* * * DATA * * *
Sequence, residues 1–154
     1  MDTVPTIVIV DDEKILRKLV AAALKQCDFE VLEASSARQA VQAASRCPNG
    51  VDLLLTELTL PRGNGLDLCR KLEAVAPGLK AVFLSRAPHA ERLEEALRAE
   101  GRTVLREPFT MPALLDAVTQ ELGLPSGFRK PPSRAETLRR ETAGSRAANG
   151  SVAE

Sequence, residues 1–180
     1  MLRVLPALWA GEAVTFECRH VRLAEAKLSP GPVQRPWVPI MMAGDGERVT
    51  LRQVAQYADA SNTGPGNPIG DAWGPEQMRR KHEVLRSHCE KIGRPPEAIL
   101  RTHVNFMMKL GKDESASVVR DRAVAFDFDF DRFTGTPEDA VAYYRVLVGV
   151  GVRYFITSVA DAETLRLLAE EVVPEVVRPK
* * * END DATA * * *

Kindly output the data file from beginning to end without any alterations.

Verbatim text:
Sequence, residues 1–154
     1  MDTVPTIVIV DDEKILRKLV AAALKQCDFE VLEASSARQA VQAASRCPNG
    51  VDLLLTELTL PRGNGLDLCR KLEAVAPGLK AVFLSRAPHA ERLEEALRAE
   101  GRTVLREPFT MPALLDAVTQ ELGLPSGFRK PPSRAETLRR ETAGSRAANG
   151  SVAE

Sequence, residues 1–180
     1  MLRVLPALWA GEAVTFECRH VRLAEAKLSP GPVQRPWVPI MMAGDGERVT
    51  LRQVAQYADA SNTGPGNPIG DAWGPEQMRR KHEVLRSHCE KIGRPPEAIL
   101  RTHVNFMMKL GKDESASVVR DRAVAFDFDF DRFTGTPEDA VAYYRVLVGV
   151  GVRYFITSVA DAETLRLLAE EVVPEVVRPK